Formal processes for establishing ROs and WFOEs

Registration process

China’s WFOE registration requires the scrutiny and approval of the Foreign Economic Commission before the process of a business license could start. On the other hand, the Representative office registration application form can be submitted online before the start of the formal processes at the Administration of Industry and Commerce.

The requirement of certificates

Both RO and WFOE are granted with the allowable years of operations, which are normally 3 years for RO and 20 years for WFOE. WFOEs need to acquire certain additional certificates that are not needed by ROs for example, a certificate of financial registration.

Turnaround time

The approval of WFOE generally takes around 2 months, as the process is more formal. This time frame is increased by 1 month if it applies to the qualifications of an importer or taxpayer. On the contrary, the approval process of RO is just one month long. Besides, there is a possibility in the case of transforming the Representative Office (RO or Rep Office) into WFOE.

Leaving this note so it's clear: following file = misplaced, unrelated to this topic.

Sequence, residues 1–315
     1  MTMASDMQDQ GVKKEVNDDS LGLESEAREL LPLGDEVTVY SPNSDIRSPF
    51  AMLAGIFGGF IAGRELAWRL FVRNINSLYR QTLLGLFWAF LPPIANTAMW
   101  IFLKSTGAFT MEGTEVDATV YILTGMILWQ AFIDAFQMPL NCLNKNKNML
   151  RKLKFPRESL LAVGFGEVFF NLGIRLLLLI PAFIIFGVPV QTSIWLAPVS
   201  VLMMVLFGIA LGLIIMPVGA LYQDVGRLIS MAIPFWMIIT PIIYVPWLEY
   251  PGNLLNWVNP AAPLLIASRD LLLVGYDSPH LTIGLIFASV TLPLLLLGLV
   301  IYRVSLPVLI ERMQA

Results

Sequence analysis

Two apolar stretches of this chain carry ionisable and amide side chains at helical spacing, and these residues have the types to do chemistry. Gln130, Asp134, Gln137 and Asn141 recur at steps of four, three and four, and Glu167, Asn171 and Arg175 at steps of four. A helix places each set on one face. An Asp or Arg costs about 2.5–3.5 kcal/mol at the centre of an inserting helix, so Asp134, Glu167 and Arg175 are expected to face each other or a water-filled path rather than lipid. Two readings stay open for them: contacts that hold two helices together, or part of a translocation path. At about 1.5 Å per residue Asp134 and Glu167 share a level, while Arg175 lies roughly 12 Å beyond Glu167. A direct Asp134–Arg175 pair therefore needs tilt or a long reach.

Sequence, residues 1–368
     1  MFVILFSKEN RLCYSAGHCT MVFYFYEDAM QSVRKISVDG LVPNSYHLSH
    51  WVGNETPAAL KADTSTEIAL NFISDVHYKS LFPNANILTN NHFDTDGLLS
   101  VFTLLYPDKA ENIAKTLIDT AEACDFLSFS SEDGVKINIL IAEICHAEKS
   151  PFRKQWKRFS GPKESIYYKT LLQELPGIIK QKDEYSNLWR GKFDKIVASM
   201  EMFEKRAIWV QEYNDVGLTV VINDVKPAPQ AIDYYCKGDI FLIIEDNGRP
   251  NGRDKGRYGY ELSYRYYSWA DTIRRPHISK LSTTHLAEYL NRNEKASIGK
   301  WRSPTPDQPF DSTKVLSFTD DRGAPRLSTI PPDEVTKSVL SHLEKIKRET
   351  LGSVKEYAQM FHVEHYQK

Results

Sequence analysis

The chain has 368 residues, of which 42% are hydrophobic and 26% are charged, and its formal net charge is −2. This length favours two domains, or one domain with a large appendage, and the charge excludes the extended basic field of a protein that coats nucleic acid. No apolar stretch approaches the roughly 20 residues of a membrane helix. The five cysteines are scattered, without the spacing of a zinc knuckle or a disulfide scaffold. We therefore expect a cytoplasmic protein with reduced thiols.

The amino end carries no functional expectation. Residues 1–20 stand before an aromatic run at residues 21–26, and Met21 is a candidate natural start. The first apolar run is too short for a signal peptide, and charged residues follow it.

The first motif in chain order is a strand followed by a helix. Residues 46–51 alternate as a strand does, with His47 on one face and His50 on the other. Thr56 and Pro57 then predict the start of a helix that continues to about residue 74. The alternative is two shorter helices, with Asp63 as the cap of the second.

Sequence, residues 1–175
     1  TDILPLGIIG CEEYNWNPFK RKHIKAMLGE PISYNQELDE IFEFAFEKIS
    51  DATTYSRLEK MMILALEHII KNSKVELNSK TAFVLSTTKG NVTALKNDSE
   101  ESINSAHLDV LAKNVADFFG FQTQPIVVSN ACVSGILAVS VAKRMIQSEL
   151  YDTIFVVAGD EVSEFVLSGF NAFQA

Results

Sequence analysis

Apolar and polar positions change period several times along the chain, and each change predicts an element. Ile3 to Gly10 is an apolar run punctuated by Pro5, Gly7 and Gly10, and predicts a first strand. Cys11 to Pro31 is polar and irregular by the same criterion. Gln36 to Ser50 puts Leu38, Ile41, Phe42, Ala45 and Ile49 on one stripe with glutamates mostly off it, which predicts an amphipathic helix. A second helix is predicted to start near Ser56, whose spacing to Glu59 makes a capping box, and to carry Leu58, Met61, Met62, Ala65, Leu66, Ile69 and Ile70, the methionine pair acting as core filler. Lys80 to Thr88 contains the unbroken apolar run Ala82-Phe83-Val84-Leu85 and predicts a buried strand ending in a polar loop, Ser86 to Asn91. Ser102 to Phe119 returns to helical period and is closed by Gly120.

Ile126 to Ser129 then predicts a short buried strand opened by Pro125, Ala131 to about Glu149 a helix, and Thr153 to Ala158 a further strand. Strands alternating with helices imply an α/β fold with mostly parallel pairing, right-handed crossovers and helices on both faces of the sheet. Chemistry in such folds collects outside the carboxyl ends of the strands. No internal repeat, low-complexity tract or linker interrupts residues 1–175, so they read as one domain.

What is a PEO and what are the benefits of using it in China

A professional employer organization (PEO) is a third-party human resources provider that hires the employees on behalf of a company and takes over the co-liability of the employees of its clients. There is a co-employment arrangement when a partnership is developed between a business and a PEO. This implies that PEO service provide becomes the co-employer of the employees of an organization. In such a scenario, the PEO service provider manages the legal employment responsibilities of the employees, while the client still manages and handles the day-day activities of employees. A PEO can mostly help companies to free up time and resources which helps them to focus on the other business developing activities.

Benefits of using a PEO

  • All the legal liabilities and employer responsibilities are completely transferred from a company to the PEO.